The Software Patent Mafia


Software patents have little to do with “protecting an invention”, but they are a powerful tool of oppression. (The oppressed party being μISV’s and the ones doing the oppressing are the guys with the patents, think Microsoft, Adobe, Unisys, IBM and other large multinational corporations.)

Software patents are an impediment to innovation and therefore detrimental to software consumers.

Contrary to popular belief, a patent sought on an algorithm, method or GUI-aspect is usually not sought because the particular method is so ingenious that it is only natural to protect the awesome intellectual investment – on the contrary: Software patents are almost by definition applied for exclusively to monopolize the obvious.

Software patents are a legal way to convert money into monopoly. If you really have invented something cool, of course you won’t apply for a patent, because then your competitors will be able to get a detailed description at no cost.

Another patent myth is that a patent somehow protects against copying. Not at all. Copyright Law, as laid out in the Berne Convention, does that already. In countries that are a signatory to it.
How Patent Law applies internationally is partly defined in the Agreement on Trade-Related Aspects of Intellectual Property Rights (TRIPS), and signatory nations abide at least in part by the rules the US has stipulated.

It is almost trivial to be granted a patent on virtually anything, partly because the US government makes hundreds of millions of USD on issuing them. It is much harder to actually enforce a patent.

Like junk bonds, patents are avidly traded. Small companies, established with the sole purpose of filing for patents, employ dozens of freelance scientists from low-wage countries to apply for as many “obvious” software patents as possible. When hundreds of patents have been filed on pathetically simple things, the venture capitalists sell their company to a larger company, and that company subsequently sues, or threatens to sue a large software company like Microsoft. Microsoft then either settles the case (they paid one hundred million USD to Borland in a (partial) patent infringement case) or acquires the company. Software patents are big business.

Innovation is stifled by software patents. It is much easier for a large software company to make competition impossible by dozens of patents that should never have been granted in the first place, and ensure enforcement by an army of attorneys, than continuing to stay ahead of their competition by steadily improving their products.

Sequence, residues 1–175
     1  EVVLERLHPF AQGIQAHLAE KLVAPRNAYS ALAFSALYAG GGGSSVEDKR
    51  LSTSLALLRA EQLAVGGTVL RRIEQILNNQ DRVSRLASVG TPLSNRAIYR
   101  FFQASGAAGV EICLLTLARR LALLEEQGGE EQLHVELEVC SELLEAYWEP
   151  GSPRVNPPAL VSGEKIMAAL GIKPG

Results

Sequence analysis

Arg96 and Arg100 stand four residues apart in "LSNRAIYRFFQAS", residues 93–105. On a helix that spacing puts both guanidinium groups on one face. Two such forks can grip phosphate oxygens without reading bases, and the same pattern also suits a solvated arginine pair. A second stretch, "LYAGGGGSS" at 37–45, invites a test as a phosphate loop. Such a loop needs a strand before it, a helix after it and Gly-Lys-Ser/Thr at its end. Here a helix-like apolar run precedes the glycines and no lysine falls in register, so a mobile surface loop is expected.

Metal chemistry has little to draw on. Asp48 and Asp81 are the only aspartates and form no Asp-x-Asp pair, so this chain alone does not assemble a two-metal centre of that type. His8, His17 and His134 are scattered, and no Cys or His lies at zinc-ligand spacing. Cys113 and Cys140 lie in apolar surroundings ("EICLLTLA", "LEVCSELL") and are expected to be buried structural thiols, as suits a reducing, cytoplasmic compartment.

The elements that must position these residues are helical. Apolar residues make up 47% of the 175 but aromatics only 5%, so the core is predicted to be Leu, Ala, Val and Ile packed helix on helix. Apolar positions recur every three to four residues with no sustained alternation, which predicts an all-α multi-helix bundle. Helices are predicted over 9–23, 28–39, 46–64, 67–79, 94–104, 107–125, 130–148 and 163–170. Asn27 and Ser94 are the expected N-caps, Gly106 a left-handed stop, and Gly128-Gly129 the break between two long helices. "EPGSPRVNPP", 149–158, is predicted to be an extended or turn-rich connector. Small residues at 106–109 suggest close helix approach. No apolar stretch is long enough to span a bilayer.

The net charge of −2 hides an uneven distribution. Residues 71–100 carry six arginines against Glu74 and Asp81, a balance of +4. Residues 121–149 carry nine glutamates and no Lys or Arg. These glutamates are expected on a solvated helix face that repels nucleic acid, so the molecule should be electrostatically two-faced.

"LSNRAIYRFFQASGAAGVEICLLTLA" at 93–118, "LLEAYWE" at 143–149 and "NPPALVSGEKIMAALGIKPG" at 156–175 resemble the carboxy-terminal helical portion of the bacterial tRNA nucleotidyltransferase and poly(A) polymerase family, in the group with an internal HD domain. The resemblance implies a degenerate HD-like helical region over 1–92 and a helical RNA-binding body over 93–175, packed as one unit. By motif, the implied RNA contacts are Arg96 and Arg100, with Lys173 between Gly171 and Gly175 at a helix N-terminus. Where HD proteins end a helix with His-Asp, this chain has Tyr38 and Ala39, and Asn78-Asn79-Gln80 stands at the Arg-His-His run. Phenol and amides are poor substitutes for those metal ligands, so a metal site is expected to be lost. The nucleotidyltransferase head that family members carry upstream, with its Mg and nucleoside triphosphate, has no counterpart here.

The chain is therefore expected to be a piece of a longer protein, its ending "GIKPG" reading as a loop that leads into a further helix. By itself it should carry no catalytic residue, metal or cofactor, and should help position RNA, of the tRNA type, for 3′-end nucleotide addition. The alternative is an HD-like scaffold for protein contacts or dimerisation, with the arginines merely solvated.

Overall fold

Small independent software vendors do not have the thousands of USD/year it takes to apply for and maintain a patent, let alone access to the legal apparatus required to successfully defend their patent in court against the likes of Adobe and Microsoft. This means that software patents, in practice, are nothing but a vulgar tool for the larger software companies to bully the smaller ones, regardless of the merit of the patent – and at the cost of innovation.

This translates to sub-optimal software at inflated prices, and even worse, a slowing down of innovation in countries where they take IP seriously. The whole concept of “Intellectual Property” is ethically and logically questionable. Because when two people get the same idea at the same time, why would the one with the cash be allowed the sole benefits of that idea? Because he paid for it to the US government?

The US government has monopolized the implementation of ideas in the software world, and is making a lot of money out of it. It threatens developing countries like India with trade sanctions when they don’t enforce US law in their own countries. Software patents are a prime example of “money making more money”, they have spiraled out of control at the sole benefit of Corporate America.

Really innovative ideas in software are rarely patented. They are kept as trade secrets.

Does it go too far to call this the “patent mafia”? Not at all. Software patents are relatively benign compared to pharmaceutical patents that amount to “bio-piracy”. Companies rip off indigenous knowledge on medicinal plants, patent the active ingredient and monopolize the production of that substance worldwide for decades. The tribe can be lucky when enough of the medicinal plants remain, as extracting sufficient of the active compound to do first tests (before an efficient synthesis methods is developed) can decimate a population. Contrary to popular belief, nature-based medicines do not require hundreds of millions of USD in R&D (and over half of all medicines are discovered in nature first, like Artemisinin and Oseltamivir), and patenting them and selling them with 99.99% profit is downright criminal from an ethical standpoint.

The “inventions” that pertain to most software patents carry no R&D price tag. It can be argued that it is unfair that algorithms can be patented. Like the absurdity of patenting the Law of Gravity, patenting things that occur naturally in nature is highly questionable, however hard it was to discover them. An algorithm is, at best, the “best solution of achieving a goal”. Many algorithms are therefore not inventions, but common-sense inspired discoveries of “natural solutions”, and like the Law of Gravity, those belong to us all.

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